These scams can also happen over the phone.

Fraudsters are becoming more prolific at using AI-generated voice recordings to orchestrate what’s known as the “Grandparent/Family Emergency Scam.”

According to the Federal Communications Commission (FCC), these attacks can happen when a scam artist impersonating a grandchild – or another close relative – calls a grandparent in a crisis situation, asking for immediate financial assistance to avoid something bad from happening (e.g., going to jail). The caller may sound legitimate since voices can easily be cloned using AI. Scammers can even spoof their caller ID to make an incoming call appear to be from a trusted source.

Tricky, tricky.

That’s why it's crucial to always verify the identity of the person you're speaking to. Follow these tips and communicate them with the senior members of your family:

  • If you’re skeptical about a call, ask personal questions that only the real person would be able to answer. (Eventually, a fraudster will run out of correct responses.)
  • Better yet, hang up the phone and call the real person back to confirm their identity.

4. Set protocols, communicate, and verify.

“I’m sure for financial institutions, moving $25 million, there’s some protocol about how this is done,” Snider said. “Just make it clear to your employees that if you’re going to do something that involves a money transaction, there’s protocol where it’s not just done on one call.”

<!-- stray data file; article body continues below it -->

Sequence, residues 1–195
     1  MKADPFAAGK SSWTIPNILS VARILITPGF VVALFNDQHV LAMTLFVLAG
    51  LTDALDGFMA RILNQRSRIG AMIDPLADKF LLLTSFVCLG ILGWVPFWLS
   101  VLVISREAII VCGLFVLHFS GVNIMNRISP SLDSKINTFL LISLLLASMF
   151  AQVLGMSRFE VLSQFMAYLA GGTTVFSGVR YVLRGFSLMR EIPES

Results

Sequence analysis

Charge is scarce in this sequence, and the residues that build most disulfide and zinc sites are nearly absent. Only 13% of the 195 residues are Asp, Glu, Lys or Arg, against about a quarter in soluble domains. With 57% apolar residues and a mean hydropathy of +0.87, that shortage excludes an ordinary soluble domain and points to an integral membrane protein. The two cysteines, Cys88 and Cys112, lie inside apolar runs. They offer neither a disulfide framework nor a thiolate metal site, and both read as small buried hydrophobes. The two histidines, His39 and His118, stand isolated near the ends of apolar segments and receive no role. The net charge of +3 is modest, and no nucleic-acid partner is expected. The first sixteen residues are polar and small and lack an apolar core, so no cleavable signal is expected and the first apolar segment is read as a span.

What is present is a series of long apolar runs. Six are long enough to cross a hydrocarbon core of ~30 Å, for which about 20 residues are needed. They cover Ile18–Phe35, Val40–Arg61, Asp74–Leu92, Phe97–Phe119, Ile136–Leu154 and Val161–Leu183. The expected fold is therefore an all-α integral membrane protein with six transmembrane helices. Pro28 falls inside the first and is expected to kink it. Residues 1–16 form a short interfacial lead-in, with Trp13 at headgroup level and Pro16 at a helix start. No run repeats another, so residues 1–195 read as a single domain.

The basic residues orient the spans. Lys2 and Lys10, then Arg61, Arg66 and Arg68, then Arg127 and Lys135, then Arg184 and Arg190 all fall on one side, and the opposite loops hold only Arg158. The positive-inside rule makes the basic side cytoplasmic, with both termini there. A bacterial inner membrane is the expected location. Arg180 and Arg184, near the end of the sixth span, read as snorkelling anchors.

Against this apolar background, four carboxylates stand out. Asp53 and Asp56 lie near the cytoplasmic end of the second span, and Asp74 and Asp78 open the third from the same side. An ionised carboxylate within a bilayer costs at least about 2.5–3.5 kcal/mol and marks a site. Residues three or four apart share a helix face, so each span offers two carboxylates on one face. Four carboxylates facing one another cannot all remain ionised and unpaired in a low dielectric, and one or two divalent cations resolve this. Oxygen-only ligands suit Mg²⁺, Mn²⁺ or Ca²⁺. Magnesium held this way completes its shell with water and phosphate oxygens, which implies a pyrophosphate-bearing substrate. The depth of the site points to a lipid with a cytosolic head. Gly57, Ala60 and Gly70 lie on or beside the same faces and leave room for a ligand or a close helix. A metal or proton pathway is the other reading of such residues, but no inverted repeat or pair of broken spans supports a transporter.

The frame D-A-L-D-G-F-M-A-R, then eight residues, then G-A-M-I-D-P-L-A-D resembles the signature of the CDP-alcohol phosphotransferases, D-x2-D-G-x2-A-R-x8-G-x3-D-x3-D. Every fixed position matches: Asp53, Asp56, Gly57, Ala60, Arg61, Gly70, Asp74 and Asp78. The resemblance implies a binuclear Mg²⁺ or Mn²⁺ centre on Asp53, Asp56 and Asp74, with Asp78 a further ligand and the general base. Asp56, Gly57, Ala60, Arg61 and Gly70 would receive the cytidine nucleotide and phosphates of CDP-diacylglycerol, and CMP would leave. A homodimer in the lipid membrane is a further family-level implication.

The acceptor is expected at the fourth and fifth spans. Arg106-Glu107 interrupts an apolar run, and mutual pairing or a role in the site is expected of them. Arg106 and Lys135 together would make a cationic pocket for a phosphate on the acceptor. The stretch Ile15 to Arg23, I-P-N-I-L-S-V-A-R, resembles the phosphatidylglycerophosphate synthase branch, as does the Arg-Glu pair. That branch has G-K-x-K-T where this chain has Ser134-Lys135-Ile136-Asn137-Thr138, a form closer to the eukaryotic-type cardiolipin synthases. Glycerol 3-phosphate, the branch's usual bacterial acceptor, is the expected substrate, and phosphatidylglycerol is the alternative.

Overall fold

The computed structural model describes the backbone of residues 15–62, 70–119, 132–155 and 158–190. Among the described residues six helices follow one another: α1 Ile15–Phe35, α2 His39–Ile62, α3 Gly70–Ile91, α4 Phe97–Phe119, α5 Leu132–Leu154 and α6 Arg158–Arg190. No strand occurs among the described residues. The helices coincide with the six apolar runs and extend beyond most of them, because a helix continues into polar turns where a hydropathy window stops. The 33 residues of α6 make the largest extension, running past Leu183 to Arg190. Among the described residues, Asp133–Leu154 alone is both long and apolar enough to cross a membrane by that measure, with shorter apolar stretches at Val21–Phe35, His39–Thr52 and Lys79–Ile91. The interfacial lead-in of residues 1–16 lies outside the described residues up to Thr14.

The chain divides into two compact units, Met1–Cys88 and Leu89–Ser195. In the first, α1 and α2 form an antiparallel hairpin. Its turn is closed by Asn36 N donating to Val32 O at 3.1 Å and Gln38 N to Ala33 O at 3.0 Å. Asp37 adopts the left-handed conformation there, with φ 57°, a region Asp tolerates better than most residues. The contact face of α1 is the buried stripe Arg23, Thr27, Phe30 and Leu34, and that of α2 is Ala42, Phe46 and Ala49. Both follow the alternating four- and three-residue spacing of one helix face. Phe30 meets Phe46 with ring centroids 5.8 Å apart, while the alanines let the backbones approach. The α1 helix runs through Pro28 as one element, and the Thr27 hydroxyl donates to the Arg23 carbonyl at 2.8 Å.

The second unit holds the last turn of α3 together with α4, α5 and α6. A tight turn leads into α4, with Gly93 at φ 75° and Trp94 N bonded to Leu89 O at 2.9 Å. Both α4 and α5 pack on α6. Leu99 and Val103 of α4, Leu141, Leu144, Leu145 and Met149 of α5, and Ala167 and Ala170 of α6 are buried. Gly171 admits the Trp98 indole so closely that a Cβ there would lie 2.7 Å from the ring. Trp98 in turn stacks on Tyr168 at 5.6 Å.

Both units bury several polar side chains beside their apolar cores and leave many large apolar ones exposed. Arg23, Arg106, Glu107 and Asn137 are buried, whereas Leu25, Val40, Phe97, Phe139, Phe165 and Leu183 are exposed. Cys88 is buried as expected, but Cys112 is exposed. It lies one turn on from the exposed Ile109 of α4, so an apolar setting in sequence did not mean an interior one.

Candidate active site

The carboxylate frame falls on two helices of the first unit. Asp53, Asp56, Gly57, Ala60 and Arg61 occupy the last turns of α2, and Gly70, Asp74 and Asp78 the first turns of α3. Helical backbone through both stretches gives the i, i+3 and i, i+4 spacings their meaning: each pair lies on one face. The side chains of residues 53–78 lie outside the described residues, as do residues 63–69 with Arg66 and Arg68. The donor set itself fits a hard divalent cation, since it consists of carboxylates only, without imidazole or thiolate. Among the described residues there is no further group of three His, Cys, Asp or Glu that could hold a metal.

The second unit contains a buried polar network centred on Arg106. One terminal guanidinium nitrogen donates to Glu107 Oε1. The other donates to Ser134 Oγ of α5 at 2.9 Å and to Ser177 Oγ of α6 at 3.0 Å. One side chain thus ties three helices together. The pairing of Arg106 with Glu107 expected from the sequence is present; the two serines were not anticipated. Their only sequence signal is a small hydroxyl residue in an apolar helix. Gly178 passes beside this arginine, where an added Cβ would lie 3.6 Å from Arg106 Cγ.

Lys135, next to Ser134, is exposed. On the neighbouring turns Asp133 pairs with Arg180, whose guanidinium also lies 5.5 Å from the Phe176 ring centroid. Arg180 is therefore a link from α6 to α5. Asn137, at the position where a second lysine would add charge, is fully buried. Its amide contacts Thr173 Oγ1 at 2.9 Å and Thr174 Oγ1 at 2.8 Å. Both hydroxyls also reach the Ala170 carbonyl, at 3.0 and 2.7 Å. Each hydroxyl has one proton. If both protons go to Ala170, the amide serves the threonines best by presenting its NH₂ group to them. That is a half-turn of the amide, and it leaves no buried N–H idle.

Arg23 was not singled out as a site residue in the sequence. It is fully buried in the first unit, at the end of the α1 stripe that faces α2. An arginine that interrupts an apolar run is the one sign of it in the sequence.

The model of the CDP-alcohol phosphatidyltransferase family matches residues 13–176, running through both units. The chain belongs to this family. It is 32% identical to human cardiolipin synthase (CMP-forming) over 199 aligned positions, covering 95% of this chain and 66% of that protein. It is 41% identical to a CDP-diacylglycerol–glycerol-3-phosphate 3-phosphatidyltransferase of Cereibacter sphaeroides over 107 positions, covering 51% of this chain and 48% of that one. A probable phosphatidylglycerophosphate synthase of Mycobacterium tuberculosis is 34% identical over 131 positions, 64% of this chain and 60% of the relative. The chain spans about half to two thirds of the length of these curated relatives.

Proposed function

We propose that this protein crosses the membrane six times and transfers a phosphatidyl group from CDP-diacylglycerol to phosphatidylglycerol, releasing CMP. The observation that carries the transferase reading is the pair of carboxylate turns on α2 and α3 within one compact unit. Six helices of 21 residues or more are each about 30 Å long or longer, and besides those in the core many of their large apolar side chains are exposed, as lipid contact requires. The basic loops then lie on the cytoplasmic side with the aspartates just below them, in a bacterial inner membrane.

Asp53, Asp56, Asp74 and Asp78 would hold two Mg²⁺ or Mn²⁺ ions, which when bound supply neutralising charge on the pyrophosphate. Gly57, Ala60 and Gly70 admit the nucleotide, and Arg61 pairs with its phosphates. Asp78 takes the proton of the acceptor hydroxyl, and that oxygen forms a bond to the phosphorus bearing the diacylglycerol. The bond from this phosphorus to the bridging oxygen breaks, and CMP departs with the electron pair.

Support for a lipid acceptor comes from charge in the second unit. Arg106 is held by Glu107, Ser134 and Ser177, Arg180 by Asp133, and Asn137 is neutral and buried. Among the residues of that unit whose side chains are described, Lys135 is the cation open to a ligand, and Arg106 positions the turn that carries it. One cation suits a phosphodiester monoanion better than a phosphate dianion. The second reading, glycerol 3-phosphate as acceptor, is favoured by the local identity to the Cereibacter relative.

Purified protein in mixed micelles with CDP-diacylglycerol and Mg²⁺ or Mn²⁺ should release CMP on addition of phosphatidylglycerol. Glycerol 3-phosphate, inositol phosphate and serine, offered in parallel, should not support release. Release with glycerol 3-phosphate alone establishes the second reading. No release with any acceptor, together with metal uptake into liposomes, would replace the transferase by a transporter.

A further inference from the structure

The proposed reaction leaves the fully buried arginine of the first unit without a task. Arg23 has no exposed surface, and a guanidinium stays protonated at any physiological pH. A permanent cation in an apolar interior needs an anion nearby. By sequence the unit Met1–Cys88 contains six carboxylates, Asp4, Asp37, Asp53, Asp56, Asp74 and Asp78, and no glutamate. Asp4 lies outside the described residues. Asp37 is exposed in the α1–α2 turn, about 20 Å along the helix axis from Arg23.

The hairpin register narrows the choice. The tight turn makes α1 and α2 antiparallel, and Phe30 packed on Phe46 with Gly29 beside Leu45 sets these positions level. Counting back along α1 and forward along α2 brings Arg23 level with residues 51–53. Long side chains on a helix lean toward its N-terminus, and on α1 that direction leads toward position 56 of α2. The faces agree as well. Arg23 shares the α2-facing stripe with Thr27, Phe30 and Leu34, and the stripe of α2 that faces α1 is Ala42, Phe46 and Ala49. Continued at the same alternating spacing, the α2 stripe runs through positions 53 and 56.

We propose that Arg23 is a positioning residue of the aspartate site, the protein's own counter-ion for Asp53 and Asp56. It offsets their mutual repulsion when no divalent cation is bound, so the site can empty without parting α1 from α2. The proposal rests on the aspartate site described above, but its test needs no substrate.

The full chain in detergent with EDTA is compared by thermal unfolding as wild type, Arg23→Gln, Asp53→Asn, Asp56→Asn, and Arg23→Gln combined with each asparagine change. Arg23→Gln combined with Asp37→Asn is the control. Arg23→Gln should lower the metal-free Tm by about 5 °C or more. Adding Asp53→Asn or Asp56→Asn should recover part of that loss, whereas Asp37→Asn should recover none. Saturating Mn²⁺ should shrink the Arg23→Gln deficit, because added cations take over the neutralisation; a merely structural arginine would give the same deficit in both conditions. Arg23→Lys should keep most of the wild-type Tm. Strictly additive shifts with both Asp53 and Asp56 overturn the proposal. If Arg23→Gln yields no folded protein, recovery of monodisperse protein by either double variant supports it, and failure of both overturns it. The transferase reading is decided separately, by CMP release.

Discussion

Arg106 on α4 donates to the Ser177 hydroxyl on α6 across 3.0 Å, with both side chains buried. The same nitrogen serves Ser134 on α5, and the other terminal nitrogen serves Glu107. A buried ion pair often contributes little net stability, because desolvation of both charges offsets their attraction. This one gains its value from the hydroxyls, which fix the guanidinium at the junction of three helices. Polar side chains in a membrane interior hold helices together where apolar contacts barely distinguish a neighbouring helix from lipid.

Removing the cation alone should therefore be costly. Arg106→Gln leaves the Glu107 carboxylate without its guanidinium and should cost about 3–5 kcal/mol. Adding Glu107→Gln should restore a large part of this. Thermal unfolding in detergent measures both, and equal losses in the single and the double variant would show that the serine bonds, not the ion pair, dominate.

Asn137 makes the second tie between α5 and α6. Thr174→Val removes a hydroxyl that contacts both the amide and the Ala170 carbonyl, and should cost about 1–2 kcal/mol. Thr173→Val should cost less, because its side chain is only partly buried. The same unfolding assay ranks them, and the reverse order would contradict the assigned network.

Next, always verify your transactions. Treat your institution’s money with the same level of caution as your own.

“We have this mistrust built in when it’s our own money; we should probably do that for our company’s money as well,” Snider said.

Verification is crucial, as the fake CFO in this case was only discovered when the employee checked with the real organization's head office and learned they never received payment.

Knowing this, how are bankers supposed to sleep at night?

Snider suggests it isn’t time for financial institutions and consumers to panic.

“It seems like when it’s money involved, the government’s pretty good at getting people the money back,” Snider said. “And with these digital transactions, maybe there’s also a bit of solace in the idea that there’s probably a digital trail there that’s going to lead to you getting your money back in the end.”

So, don’t go off the grid just yet.

“We don’t need to delete all of our social media accounts and go live in the woods,” Snider said with a chuckle. “We can still live our lives even though there are going to be deepfakes out there. We can just get a little smarter about recognizing what’s real and what’s fake.”


Topics: Generative AI

About The Author
Ryan Pleggenkuhle

With a strong passion for writing and years of financial training experience, Ryan brings a competitive, yet fun-loving spirit to the team. His devotion to storytelling, love for collaboration, and dedication to producing high-quality content makes him a terrific match for our clients.